#VanningWhileBlack in the Deep South?

I haven’t been on the blog tip in a few weeks because I’ve been busy. What I’ve been working on is on my research, getting my methodological shit in order since I’m significantly behind and should have had all this done months ago. Over the past while I’ve really been on the fence about school,  wondering if I even wanted to continue. Do I really need a PhD? Even though I’m 3/4 of the way done with it — this is why I slacked. I’ve been so tapped-out because of the physical, mental, and emotional toll that comes with being a Black woman pursuing an advanced degree, that I wasn’t so sure I wanted to keep going. Since just this past September I’ve been at the level of academia that I just don’t have to be on campus, really, if I don’t wanna be, and just use the time to work on my research — which is about reproduction — among Black people. Another reason that I wasn’t so sure is that my work still is not funded. I have no research money and am working on getting that situated in order to be able to stay in the south for approximately 18 months. I don’t own a car, and I didn’t plan on getting one. My plans for the past few months have been to utilize all facets of my financial means to purchase a cargo van and live in it full-time while traveling North and South America and Canada.

But I’ve decided to continue with my academic work. Even though I really questioned it, it all comes down to the fact that I am so in love with my research and know the impact it will make in the past, current, and future lives of Black people, is why I keep going. So, my plans for spontaneous travel across the North American continent appear as if they’re on hold — for now — that is — if and only if I can get my research funded!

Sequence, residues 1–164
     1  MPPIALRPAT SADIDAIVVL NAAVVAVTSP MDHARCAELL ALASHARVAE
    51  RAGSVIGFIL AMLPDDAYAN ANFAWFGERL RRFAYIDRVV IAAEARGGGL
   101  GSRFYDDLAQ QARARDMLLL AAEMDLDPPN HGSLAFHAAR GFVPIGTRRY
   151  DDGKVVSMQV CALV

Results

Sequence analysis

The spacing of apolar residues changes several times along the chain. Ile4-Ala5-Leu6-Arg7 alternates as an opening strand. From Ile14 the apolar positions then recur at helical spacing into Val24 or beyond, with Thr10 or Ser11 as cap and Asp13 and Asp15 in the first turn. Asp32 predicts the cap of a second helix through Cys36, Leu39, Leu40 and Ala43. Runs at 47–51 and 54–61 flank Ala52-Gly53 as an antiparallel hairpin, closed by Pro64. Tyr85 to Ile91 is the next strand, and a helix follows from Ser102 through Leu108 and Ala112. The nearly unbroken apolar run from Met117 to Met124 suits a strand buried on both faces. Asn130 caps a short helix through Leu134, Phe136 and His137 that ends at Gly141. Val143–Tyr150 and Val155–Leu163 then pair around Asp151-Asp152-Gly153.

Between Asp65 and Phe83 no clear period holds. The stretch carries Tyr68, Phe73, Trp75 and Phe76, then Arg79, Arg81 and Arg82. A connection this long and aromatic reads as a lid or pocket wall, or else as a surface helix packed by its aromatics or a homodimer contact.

And should that happen, I will be in the deep south. And because of my methodology, it requires me to move around the state, exploring various aspects of it for about six months, before I settle down and concentrate on one community. I figured instead of staying in motel/hotels and house-hopping, I might do the van thing. But then I started to think that I’m not so sure about all that. The entire Southern region has been notorious for its history or racism and gender discrimination, lynchings, violence against Black people, white supremacist groups, and the multitude of ways they worked to make sure the system was in-tact. I will also add that these same Black people who have been faced with this history didn’t just lay down and die — they fought back, and I am in awe at this resistance. But the fact is that it happened, and the place is still considered dangerous.

Recently, I was in a conversation with a 60-something-year-old Black male, who said he would never sleep out side in the South, or anywhere — because of anti-Blackness and the potential outcome of these sentiments. And there is no denying that this level of stress from potentially being profiled, discriminated against, or worse, is at the forefront of my mind.

I spend nearly every moment thinking about traveling around the Southern state in a van, researching and writing as I go, which is so idealistic for me. But it has me going back and forth about safety, being a Black woman on the road in order to gather information on a specific location’s history. I’m looking to be in the South for about 1.5 years total, and can’t see myself delaying my plans for van life because I’m so excited about it. I’m also excited about my research, too. 

Ways to support my journey

Buy me a gallon of gas: http://bit.ly/2DToOlD
Become a Patreon: https://www.patreon.com/ratedrosa
Purchase Rated Rosa merch: https://www.etsy.com/shop/RatedRosa
Visit my Amazon Wish List: http://a.co/jexbyXb

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